We anticipate that branch expansion will resume in 2014. Labor Smart intends to open another 25 to 30 locations next year. Initially, expansion efforts were concentrated on the Southeast U.S. The first two branch offices were located in Marietta, Georgia and Nashville, Tennessee. Labor Smart has subsequently expanded into Kentucky, Florida, Indiana, Alabama, Missouri, South Carolina and North Carolina and ultimately plans to have a national footprint. This would provide a competitive advantage, we believe, over more regionally focused competitors and enable Labor Smart to leverage its marketing efforts across geographic markets.

Most of the early growth has been through new branch openings, although in 2Q13 the company acquired the operating assets of a small, three branch staffing company based in Florida. Qwik Staffing Solutions had offices in Jacksonville, Orlando and Tampa. Based on their historical performance, management anticipates they will contribute more than $3.2 million in revenue and roughly $350,000 in EBITDA over the next 12 months and be immediately accretive to EBITDA. Half of the purchase price is to be paid out over time as a percentage of the earnings the branches generate. In our view, this protects Labor Smart on the downside if the branches do not perform up to management’s expectations.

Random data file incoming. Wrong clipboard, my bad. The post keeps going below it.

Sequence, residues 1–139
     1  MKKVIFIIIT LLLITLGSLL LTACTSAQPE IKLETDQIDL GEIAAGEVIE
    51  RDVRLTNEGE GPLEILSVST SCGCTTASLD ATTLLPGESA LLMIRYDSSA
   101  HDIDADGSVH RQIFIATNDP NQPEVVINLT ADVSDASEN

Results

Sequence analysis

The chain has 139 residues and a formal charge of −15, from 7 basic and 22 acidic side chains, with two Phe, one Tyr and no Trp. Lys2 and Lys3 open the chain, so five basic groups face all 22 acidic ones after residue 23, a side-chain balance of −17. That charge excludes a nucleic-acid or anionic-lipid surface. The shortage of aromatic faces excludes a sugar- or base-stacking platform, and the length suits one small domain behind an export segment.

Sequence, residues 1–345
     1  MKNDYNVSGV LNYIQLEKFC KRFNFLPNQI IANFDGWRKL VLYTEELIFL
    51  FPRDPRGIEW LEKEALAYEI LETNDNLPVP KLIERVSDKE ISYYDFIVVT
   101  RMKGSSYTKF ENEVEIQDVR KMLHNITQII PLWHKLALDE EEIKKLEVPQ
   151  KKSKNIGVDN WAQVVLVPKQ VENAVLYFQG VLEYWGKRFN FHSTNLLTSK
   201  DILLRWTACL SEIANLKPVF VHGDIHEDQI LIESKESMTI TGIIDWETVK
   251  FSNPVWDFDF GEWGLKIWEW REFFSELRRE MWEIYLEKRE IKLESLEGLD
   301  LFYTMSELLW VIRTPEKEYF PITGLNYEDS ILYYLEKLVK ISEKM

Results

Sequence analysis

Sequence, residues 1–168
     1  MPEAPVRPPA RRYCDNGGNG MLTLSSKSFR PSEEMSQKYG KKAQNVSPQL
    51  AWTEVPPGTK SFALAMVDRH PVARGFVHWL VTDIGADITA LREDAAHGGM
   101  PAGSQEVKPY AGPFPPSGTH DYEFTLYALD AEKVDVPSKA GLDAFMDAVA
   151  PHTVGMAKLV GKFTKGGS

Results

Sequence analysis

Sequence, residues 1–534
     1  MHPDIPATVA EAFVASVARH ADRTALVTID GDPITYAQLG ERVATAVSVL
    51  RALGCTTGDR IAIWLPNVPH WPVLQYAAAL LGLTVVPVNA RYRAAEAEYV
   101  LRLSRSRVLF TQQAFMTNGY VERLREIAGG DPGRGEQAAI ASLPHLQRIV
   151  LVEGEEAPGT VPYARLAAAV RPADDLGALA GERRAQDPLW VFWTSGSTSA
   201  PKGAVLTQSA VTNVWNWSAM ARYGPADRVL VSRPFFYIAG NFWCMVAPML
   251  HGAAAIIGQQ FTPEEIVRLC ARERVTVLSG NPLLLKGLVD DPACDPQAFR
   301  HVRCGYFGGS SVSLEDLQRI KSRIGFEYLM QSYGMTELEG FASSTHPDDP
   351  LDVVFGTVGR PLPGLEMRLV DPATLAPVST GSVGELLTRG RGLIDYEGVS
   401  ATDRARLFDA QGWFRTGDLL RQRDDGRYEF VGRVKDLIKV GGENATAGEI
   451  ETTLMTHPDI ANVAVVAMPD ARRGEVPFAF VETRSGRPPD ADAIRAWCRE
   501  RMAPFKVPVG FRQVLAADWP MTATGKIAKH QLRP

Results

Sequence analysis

We believe it is also consistent with management’s goal of minimizing net cash use required to fuel its substantial growth. Labor Smart had $125,742 in cash as of March 2013. Although we expect the company to continue to engage in short term financings during this early period of rapid growth, we believe it has sufficient resources and access to funding to meet its 2013-15 expansion goals.

We also believe recent economic and industry data support continued growth. A key takeaway from the Bureau of Labor Statistics June 2013 Jobs Report is that the economy continues to shift towards temporary jobs in the current economic climate. The Bureau of Labor Statistics estimates that 28 million people are employed in part-time positions. Most of Labor Smart’s customers are engaged in businesses such as construction, freight handling, landscaping, warehousing, janitorial, disaster response, light manufacturing, hospitality, retail or wholesale operations. They frequently require manual laborers for services such as hauling, cleaning, digging, loading and assembly.